Although they have since been rescued from their abductors, the recent kidnap of three students of Babington Macaulay Junior Seminary (BMJS), Ikorodu, Lagos State, leaves a bitter taste in the mouth. It is important that the education and security authorities in the state and, indeed, the entire country, learn the necessary lessons from the dastardly incident to prevent a repeat.
The girls, identified as Timilehin Olosa, Tofunmi Popo Olaniyan and Deborah Akinayo, were abducted from their school on the night of February 29 by gunmen who stormed the classroom where they were reading. Happily though, the girls were rescued a week later at Imota, another community on the outskirts of Ikorodu.
This followed a massive rescue mission, spearheaded by the Lagos State government and the State Police Command under the leadership of Commissioner of Police, Fatai Owoseni. The Special Intelligence Response Team (SIRT) deployed by the Nigeria Police headquarters, which combed the entire Ikorodu town in search of the missing girls, also played a critical role in their eventual rescue.
The abduction of these girls is about the first time that students would be kidnapped for ransom in this manner from a school in Lagos State. The incident understandably sent shock waves across the State and beyond. It re-echoed the terrifying abduction of over 200 schoolgirls in Chibok, Borno State, on April 14, 2014.
It is in this light that we commend the Lagos State government and the state’s Police Command for swiftly rescuing the girls and reuniting them with their families. This incident, however, brings into sharp focus the vulnerability of most schools in the country. Many of our educational institutions lack adequate security and are prone to attacks by criminals. One critical lesson from this incident, therefore, is the need to provide round-the-clock security in our schools, nationwide. The ordeal of the students could discourage parents from sending their children to school.
We urge the Police to continue to respond in like manner to incidents of this nature. More than ever before, this is the time for the police and other security agencies to beef up their intelligence network. It is heartwarming that the rescue of the schoolgirls was made possible by intelligence gathering which helped the police to identify and locate family members of the kidnappers. Through intelligence gathering, it was confirmed that the kidnappers were, indeed, residents of the community in which the school is located. The good use of this intelligence helped to resolve the case.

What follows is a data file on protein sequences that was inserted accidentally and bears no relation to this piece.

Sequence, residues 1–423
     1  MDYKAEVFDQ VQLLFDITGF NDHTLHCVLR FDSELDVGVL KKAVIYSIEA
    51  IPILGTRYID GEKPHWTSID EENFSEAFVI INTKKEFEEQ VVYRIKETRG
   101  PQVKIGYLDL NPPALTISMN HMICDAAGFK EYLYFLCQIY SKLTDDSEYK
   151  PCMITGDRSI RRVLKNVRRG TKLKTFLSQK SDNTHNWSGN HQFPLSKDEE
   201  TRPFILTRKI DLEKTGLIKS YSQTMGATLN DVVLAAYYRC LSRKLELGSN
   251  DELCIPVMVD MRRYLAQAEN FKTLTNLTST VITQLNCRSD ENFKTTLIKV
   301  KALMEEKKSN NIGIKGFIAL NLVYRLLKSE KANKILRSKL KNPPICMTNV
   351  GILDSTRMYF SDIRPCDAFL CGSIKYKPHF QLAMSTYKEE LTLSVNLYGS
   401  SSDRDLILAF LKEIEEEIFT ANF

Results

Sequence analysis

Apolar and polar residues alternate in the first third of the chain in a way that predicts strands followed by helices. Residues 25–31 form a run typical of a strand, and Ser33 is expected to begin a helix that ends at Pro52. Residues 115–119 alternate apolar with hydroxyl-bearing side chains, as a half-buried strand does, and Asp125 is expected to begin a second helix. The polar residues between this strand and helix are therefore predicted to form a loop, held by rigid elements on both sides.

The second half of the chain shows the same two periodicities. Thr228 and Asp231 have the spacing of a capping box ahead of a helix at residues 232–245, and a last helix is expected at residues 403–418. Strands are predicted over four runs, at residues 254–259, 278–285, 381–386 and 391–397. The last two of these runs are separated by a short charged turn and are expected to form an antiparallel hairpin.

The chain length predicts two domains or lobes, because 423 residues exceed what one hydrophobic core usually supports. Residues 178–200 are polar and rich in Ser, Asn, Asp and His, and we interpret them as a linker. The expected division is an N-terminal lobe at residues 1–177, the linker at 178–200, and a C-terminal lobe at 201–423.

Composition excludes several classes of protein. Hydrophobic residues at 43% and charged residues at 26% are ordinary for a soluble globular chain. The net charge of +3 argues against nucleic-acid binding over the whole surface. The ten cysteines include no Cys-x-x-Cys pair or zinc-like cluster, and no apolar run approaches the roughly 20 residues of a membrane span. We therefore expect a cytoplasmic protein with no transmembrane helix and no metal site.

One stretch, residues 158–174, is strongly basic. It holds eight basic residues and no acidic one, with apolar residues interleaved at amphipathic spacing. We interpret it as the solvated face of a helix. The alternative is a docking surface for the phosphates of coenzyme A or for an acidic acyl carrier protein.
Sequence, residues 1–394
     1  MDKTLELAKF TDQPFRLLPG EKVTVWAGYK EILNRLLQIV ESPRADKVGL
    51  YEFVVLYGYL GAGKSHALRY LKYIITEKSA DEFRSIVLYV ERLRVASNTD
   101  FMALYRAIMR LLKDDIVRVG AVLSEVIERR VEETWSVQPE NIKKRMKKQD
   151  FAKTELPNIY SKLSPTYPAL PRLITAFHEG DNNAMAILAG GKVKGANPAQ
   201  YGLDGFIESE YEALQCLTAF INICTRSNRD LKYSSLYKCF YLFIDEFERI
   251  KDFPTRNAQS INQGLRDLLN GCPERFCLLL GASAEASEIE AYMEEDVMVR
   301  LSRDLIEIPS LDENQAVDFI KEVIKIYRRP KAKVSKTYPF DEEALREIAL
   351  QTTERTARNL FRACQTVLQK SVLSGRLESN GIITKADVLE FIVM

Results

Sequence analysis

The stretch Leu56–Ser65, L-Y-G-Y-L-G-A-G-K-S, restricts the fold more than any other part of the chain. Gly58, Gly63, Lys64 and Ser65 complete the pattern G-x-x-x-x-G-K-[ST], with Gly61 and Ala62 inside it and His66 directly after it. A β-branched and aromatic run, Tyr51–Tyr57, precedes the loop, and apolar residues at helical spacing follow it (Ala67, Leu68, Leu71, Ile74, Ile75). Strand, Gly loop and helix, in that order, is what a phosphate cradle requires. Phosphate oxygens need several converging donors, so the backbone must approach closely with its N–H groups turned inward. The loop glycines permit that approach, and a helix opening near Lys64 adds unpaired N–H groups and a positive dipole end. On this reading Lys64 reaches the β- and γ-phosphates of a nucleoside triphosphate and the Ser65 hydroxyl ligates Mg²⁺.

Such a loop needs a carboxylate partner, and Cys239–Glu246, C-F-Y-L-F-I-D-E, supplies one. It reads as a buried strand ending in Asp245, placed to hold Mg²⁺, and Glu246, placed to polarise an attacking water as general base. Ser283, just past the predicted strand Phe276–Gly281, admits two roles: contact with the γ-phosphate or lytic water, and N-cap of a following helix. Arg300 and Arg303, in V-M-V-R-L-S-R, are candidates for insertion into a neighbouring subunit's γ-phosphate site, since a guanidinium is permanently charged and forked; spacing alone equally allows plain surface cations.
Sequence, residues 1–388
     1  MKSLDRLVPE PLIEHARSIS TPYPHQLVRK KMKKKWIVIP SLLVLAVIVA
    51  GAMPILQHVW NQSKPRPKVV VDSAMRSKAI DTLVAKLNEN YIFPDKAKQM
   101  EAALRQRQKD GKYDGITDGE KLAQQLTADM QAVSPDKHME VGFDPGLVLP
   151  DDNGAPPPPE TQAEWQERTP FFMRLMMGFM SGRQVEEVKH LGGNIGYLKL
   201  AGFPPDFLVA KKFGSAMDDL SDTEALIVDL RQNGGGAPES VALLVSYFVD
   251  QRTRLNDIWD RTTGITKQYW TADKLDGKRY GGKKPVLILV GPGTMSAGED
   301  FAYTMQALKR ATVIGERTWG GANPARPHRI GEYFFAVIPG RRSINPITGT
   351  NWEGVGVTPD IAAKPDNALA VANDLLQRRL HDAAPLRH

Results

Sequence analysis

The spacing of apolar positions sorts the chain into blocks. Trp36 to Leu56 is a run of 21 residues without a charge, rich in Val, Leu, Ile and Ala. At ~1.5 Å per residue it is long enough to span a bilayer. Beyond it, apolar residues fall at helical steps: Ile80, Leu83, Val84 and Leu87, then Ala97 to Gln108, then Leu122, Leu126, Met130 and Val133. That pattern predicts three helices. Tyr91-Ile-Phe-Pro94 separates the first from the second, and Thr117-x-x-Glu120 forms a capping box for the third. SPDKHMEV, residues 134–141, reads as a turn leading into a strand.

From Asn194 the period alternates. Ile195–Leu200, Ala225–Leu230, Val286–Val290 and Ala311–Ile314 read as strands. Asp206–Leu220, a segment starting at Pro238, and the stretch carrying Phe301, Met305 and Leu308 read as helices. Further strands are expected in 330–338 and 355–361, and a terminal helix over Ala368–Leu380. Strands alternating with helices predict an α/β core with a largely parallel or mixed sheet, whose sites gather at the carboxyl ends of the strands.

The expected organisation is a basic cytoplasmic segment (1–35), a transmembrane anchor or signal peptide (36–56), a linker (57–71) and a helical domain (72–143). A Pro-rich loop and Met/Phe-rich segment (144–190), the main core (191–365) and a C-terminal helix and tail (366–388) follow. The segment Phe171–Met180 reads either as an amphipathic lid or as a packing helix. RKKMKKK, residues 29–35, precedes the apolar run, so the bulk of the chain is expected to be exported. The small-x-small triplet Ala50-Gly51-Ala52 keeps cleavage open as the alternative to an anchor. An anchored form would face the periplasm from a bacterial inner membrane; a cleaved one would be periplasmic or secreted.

This incident has also highlighted the need to find a solution to the problem of kidnapping in the country. School owners should now be more mindful of security in their schools. Constant surveillance is key, as crimes such as kidnapping may not end any time soon. Let them conduct security audits of their institutions and come up with strategies to make them safer.
Let the National Assembly and state legislatures tighten the laws on kidnapping to provide for stiffer sanctions, possibly a death penalty, for perpetrators of the crime. In recent times, children have become targets of kidnappers. It is important that our anti-kidnapping laws are strengthened to provide for condign punishment that will be sufficiently deterrent to kidnappers.
We also urge the police to be more diligent in their duties and employ strategies based on the gathering and sharing of intelligence, as well seamless coordination of their operations.
It is sad to observe that Ikorodu has, of late, become a hideout for pipeline vandals and other criminals. This prompted the Lagos State governor, Akinwunmi Ambode, to recently read the Riot Act to hoodlums using the area as their operational base. It will be recalled that last year, a gang of robbers operating from Ikorodu, stormed a commercial bank, killing some people and carting away millions of naira. Some of them were later arrested and are now facing prosecution.
The kidnap of the three schoolgirls is a clarion call for more security in all our schools, and for school owners to sensitise their pupils to the need to be security conscious. Those who have been arrested in relation to this incident, and similar ones, should be prosecuted and severely punished, if found guilty. That will serve a useful lesson to other potential kidnappers in the country. A clear message should be sent to kidnappers in every part of Nigeria that they cannot hold the nation to ransom any longer.